“Through the Looking Glass”
Mark Leichliter’s sculpture, “Through the Looking Glass,” was dedicated on October 27, 2014.
The City of Little Rock hosted a dedication ceremony to commemorate the installation of a new monument-size sculpture in the Vogel-Schwartz Sculpture Garden, on October 27, 2014. Titled “Through the Looking Glass,” the sculpture stands 12-feet wide and eight-feet tall. The stainless steel piece by sculptor Mark Leichliter features convex hexagons with a mirror finish on one side, while the hexes on the opposite side are flat. “Through the Looking Glass” was underwritten by Entergy and Kay Arnold, former vice president of Public Affairs for Entergy. Entergy honored Kay Arnold, and she honored her late husband, Judge Richard S. Arnold. The City also dedicated a new playground in honor of Margaret Clark, a long-time supporter of public art in Little Rock’s downtown.
When asked what his inspiration was for the piece, Liechliter said,
“I was trying to have a way for Little Rock to see itself … I messed with the idea of reflections. On one side, it has a reflection that’s a single [piece]. It represents the community and how it works as a whole.
“On the other side, it’s all broken up into individual [pieces] and that represents the individuals of the community and how they work together to make it work.”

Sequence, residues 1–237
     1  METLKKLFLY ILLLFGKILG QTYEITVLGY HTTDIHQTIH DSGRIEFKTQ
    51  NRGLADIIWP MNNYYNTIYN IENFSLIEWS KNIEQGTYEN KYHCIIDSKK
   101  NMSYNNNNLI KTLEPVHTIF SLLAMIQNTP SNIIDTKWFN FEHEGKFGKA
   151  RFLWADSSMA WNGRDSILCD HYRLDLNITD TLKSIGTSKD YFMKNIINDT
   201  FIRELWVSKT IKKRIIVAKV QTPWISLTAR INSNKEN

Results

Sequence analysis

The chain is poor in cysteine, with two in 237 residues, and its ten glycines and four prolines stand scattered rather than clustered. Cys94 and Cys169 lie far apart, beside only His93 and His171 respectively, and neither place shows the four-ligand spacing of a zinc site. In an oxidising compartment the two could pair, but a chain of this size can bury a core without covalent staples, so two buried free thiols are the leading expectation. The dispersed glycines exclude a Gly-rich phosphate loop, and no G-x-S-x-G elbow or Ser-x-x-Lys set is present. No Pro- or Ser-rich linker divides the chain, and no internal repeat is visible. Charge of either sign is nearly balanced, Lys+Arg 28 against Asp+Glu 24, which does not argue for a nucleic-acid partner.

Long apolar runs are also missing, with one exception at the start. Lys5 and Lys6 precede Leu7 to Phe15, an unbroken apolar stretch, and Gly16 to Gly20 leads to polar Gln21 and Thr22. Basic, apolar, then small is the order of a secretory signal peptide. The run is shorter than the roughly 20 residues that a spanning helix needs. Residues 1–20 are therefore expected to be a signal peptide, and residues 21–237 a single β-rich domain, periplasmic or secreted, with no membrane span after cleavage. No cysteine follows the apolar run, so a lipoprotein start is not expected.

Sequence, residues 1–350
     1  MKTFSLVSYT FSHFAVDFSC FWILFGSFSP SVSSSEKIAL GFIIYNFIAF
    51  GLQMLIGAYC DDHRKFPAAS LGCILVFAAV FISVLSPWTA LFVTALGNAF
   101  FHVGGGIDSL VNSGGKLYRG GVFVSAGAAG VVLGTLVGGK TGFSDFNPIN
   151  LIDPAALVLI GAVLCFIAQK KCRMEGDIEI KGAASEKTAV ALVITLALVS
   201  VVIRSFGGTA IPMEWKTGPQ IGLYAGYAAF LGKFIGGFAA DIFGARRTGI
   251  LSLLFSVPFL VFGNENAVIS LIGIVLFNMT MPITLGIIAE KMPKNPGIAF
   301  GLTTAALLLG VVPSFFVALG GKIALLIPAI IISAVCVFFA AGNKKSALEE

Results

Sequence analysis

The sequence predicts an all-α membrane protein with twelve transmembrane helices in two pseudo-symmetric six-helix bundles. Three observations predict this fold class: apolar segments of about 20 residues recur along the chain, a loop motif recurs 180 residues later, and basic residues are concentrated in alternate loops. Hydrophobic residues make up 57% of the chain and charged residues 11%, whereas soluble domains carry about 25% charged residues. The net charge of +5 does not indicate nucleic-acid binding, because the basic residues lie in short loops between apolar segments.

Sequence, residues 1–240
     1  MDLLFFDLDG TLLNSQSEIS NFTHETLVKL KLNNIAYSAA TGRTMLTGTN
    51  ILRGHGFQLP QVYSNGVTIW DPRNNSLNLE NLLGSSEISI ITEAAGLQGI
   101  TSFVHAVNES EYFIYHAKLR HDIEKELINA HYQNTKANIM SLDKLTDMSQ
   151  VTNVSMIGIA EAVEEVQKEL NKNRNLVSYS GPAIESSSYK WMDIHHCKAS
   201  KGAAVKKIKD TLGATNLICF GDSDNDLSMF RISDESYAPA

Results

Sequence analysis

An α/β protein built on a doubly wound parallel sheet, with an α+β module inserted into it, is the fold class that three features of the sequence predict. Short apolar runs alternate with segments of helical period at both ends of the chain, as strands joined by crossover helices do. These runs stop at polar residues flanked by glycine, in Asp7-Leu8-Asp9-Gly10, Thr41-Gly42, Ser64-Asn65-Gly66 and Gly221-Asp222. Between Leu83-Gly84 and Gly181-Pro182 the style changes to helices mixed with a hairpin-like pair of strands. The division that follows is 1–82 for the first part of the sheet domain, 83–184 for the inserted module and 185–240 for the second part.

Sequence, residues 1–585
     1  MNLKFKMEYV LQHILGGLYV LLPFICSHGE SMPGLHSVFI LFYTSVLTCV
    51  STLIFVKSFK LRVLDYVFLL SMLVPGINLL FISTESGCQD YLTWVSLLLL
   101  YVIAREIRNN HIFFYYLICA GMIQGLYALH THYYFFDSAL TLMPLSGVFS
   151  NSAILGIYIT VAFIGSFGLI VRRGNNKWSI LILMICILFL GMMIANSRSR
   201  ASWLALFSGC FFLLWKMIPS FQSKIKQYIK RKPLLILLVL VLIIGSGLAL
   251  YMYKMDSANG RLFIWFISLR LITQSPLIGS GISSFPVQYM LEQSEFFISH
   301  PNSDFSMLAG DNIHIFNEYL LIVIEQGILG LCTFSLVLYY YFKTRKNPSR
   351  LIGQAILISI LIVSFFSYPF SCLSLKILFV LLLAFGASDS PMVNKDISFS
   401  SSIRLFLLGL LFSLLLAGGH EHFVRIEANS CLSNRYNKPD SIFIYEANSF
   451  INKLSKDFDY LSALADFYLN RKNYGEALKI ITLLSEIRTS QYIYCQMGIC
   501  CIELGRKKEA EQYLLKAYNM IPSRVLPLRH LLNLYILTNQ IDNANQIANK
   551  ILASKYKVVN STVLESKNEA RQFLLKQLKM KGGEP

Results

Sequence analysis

Leichliter intended to orient the piece parallel to the Arkansas River so that the river is visible through the sculpture’s negative space. Viewers can see reflections of themselves in the piece, with the City of Little Rock behind them. The sculpture’s similarity to a honeycomb reinforces the significance of community and societal connection.
Above: View of the sculpture from the back.
Artist Mark Leichliter (left) and donor, and honoree, Kay Arnold (right) stand behind the newly dedicated sculpture.
Dean Kumpuris remarks about the sculpture, and its importance to Sculpture at the River Market’s public art collection.
Margaret Clark (left), stands with Dr. Dean Kumpuris (center) and his wife, Mary (right).
The artist’s concept drawing.